The Herald Bulletin

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December 28, 2013

Jim Bailey: Mandela one of the world's greatest success stories

He had predecessors who accomplished what he did. But both Mohandas K. Gandhi and Martin Luther King Jr. were assassinated in their quests for justice through nonviolent means.

Nelson Mandela, though, despite contracting tuberculosis during his 27 years of incarceration in South African prisons, earlier this month essentially died of old age at 95. His legacy of transforming his homeland from apartheid to racial cooperation is one of the greatest success stories of all time.

Mandela was born into royalty in South Africa. But during his formative years, the policy of racial apartheid had taken hold in a land where fear and suspicion governed relations between the native peoples and European-descended colonials.

At the outset Mandela was committed to nonviolent protest against colonial policies. But as he allied with others against injustice, the African National Congress was born, in part feeding off the communist movement with cries for greater militance in achieving the goals. His critics denounced him as a Marxist terrorist.

Convicted of various charges including treason, Mandela received a life sentence. He served 27 years in solitary confinement, most of it on the notorious Robben Island. Eventually, amid a time of rising civil strife and escalating world opinion, Mandela was released from prison in 1990.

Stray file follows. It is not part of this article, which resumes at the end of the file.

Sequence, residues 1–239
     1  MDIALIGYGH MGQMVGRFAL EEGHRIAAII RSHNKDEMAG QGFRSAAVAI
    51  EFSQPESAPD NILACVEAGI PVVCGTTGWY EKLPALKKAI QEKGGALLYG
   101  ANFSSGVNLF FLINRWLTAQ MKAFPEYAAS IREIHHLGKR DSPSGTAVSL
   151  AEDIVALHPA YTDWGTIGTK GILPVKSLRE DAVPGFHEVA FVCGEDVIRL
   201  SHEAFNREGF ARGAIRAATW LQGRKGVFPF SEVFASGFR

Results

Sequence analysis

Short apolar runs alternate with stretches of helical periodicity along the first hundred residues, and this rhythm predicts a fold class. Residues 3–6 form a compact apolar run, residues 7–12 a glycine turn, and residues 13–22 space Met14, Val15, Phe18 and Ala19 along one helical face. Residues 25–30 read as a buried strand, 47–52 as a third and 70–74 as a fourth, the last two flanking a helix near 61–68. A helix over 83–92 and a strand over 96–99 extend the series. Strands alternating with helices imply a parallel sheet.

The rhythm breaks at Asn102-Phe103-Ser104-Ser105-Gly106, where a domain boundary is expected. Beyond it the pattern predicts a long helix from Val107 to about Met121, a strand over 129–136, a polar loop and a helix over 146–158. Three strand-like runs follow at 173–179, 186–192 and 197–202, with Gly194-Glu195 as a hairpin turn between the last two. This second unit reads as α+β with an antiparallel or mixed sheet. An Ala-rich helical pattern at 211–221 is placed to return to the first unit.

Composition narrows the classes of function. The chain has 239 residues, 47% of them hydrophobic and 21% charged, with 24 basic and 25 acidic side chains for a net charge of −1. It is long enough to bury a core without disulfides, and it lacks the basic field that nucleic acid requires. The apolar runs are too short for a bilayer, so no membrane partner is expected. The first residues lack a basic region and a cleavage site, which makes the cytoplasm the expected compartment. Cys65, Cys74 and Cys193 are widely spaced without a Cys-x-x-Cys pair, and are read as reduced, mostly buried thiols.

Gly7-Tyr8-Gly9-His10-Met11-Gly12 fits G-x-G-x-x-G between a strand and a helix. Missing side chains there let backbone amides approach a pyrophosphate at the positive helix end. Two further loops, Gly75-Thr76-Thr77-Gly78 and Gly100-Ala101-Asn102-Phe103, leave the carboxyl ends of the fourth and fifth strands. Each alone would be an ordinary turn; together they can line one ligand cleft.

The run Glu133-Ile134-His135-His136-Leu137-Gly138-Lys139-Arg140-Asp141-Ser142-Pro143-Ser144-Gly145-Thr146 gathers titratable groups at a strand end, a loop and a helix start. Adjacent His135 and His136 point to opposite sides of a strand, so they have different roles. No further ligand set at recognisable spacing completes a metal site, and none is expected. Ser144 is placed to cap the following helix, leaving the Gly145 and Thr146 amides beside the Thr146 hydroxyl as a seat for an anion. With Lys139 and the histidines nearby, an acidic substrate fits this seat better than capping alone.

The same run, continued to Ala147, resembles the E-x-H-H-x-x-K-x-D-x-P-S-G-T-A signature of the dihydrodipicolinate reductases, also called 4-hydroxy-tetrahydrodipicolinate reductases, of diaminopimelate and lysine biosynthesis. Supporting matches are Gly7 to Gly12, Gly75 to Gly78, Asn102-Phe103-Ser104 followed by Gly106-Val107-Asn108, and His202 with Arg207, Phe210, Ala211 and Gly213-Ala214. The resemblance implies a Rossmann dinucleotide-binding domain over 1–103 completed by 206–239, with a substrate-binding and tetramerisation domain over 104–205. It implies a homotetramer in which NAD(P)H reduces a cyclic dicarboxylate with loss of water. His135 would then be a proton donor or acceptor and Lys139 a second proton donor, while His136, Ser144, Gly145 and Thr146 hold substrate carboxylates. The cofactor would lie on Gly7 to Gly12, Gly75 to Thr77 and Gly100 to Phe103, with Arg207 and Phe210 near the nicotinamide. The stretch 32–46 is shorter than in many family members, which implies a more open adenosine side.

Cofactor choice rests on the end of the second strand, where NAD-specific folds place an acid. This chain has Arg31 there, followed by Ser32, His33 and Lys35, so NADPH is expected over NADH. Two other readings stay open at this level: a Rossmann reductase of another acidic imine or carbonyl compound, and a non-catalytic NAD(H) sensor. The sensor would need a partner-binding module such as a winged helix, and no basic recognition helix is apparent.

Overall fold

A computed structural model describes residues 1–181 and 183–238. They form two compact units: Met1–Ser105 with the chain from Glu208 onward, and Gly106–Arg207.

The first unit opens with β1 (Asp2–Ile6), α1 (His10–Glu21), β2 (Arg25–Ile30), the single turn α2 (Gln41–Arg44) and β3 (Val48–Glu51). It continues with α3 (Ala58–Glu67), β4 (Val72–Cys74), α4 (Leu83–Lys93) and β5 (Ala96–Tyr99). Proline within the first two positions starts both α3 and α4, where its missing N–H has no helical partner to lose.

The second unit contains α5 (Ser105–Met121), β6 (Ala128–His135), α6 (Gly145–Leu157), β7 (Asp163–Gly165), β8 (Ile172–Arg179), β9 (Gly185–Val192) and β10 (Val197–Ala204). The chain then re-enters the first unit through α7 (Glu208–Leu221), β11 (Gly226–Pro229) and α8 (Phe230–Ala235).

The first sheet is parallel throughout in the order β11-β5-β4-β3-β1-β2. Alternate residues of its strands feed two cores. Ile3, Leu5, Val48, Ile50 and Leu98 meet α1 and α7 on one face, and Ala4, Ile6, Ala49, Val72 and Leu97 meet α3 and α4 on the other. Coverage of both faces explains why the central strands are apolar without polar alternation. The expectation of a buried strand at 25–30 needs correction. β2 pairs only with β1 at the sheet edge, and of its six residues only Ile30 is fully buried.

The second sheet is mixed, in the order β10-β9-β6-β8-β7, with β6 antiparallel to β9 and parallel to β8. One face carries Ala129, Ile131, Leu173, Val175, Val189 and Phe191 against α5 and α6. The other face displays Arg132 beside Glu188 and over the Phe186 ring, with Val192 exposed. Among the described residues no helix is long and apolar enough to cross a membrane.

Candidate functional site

Such a fate would have embittered most human beings. Indeed, before his incarceration, Mandela had expressed the feeling that his long-held goals would never be achieved by nonviolent means alone.

Fortunately for South Africa and the world, Mandela chose the high road. Rejoining the ANC, he entered negotiations with South African President F.W. de Klerk that resulted in the abolishing of apartheid and the establishing of multiracial elections in 1994.

The worst fears of a changing system were allayed. That can be attributed to Mandela himself, who led the ANC to victory, promulgated a new constitution and brought both sides together in a united South Africa, inviting several other political parties to join the cabinet. Instead of retribution, he promoted togetherness.

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